The announcement comes after a rise in antisemitic incidents in and around Boston, including swastika graffiti found at a Boston high school, amongst other incidents in schools across Massachusetts, and the presence of the neo-Nazi group Nationalist Social Club at the recent St Patrick’s Day parade.

Ms Kipnis and Mr Ruderman have expressed their concern about young people’s lack of knowledge about the Holocaust. 

Ms Kipnis said: “The timeless and timely lessons of the Holocaust have never been more urgently needed. In order for the Holocaust to remain relevant to new generations, Holocaust Legacy Foundation is taking the opportunity to create a powerful museum for all of New England.”

Campaign Against Antisemitism has expanded our coverage of antisemitism worldwide. Please contact us if you would like to share feedback or volunteer to assist with this project.

The comedian and actor Elon Gold appeared on the most recent episode of Podcast Against Antisemitism where he spoke about how he uses comedy to tackle antisemitism.

Speaking on his approach to discussing antisemitism in his comedy, Mr Gold stated that his priority is to consider whether his material is funny and whether he is making “the right point”. 

Describing what constitutes “the right point”, Mr Gold clarified: “If it comes from my heart and from my anger about antisemitism.”

“All of comedy is complaining, and I realised that a few years ago. You have to be annoyed about something to joke about it and to want to deride it, mock it, ridicule it, but first, it has to annoy you. So what annoys me? Antisemitism. It annoys the crap out of me and I’m angry about it because it’s not funny at all, but now I have to find the funny because that’s my job and I happen to be obsessed with finding the funny in hate, because when you do that, when you find the funny in hate, you get to expose the ignorance of bigotry. And you get to mock these bigots.”

Mr Gold outlined what this approach looks like by providing an example of one of his comedy routines that touches upon the Charlottesville “Unite the Right” rally. “One of my favourite new bits that I’ve been doing lately is mocking those idiots who went to the rallies with the tiki torches going around going ‘the Jews will not replace us.’” Mr Gold joked: “‘And I’m like, ‘the Jews will not replace you? We don’t want to replace you, we just want to put braces on you. Replace you? We just want to manage your portfolio.’”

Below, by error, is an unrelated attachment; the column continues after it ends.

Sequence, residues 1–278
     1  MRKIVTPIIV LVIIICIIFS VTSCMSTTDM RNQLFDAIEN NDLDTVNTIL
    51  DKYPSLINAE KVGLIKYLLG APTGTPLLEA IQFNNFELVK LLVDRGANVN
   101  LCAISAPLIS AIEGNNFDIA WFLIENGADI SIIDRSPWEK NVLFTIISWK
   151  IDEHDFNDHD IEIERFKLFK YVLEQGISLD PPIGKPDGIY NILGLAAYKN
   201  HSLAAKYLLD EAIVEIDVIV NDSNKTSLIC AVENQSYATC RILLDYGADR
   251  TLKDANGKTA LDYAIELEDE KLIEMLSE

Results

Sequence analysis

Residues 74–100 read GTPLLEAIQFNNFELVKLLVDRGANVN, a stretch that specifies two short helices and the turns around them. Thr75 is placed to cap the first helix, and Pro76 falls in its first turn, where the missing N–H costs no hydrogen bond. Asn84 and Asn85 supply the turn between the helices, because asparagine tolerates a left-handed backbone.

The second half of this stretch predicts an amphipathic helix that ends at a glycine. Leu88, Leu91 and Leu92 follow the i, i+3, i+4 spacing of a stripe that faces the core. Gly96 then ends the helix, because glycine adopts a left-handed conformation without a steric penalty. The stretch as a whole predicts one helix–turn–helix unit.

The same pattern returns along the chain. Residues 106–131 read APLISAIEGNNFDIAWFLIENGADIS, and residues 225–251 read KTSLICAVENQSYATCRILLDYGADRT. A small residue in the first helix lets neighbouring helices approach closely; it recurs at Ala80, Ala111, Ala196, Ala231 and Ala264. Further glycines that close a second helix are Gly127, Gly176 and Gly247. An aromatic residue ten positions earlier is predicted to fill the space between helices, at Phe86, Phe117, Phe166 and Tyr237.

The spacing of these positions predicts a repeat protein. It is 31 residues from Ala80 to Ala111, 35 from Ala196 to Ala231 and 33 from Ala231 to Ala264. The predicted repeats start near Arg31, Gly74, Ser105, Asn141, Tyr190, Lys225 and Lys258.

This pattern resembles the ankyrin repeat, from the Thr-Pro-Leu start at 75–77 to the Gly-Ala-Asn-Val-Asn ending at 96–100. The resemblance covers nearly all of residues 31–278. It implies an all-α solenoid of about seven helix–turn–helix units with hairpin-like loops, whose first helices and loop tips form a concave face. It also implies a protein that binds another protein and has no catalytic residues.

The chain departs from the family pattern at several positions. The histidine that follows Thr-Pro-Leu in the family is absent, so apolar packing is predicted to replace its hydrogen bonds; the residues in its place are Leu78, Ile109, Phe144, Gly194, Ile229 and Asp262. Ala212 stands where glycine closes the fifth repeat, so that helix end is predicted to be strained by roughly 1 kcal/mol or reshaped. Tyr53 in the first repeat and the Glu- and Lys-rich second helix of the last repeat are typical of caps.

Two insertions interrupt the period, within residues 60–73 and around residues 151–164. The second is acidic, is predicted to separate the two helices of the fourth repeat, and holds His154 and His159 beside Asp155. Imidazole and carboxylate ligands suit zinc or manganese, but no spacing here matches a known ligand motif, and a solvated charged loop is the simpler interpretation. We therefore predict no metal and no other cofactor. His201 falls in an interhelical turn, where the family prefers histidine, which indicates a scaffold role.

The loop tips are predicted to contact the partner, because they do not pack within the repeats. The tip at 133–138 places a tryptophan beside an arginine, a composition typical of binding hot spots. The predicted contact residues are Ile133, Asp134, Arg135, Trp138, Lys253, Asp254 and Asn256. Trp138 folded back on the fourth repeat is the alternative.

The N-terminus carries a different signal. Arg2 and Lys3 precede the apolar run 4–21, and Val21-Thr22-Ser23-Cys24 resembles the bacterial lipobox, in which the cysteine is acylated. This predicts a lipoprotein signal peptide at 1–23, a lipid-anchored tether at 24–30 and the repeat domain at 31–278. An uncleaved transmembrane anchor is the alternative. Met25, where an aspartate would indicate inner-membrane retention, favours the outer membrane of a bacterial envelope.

Discussing why he feels the routine is so impactful, he says that it’s because “It’s got these funny jokes but it’s making a point. Here are these groups of morons walking around with tiki torches going ‘the Jews will not replace us’…what is that message, even? As it turns out, it’s about immigration and it’s a whole thing that it’s their farkakta (nonsense) brains that they think there’s some global conspiracy of the Jews trying to replace them, but it’s all just nuts.

“So it’s my job now to mock these nut-jobs. And I do it from the right place. I know I’m in the right and they’re dead wrong. You can’t justify any sort of racism, homophobia…you’re not right.”

Turning to the subject of offence, Mr Gold has clearly given careful consideration to this issue. “There are bits that I do where I literally do a German accent. And that, you know…you talking about something that’s triggering. The last thing I ever want to do is… let’s say a Holocaust survivor is in the audience, or even the son or grandson of one. And to offend one of them would hurt me deeply. So of course, it’s not my intention to offend, but it is my intention to mock Nazis.”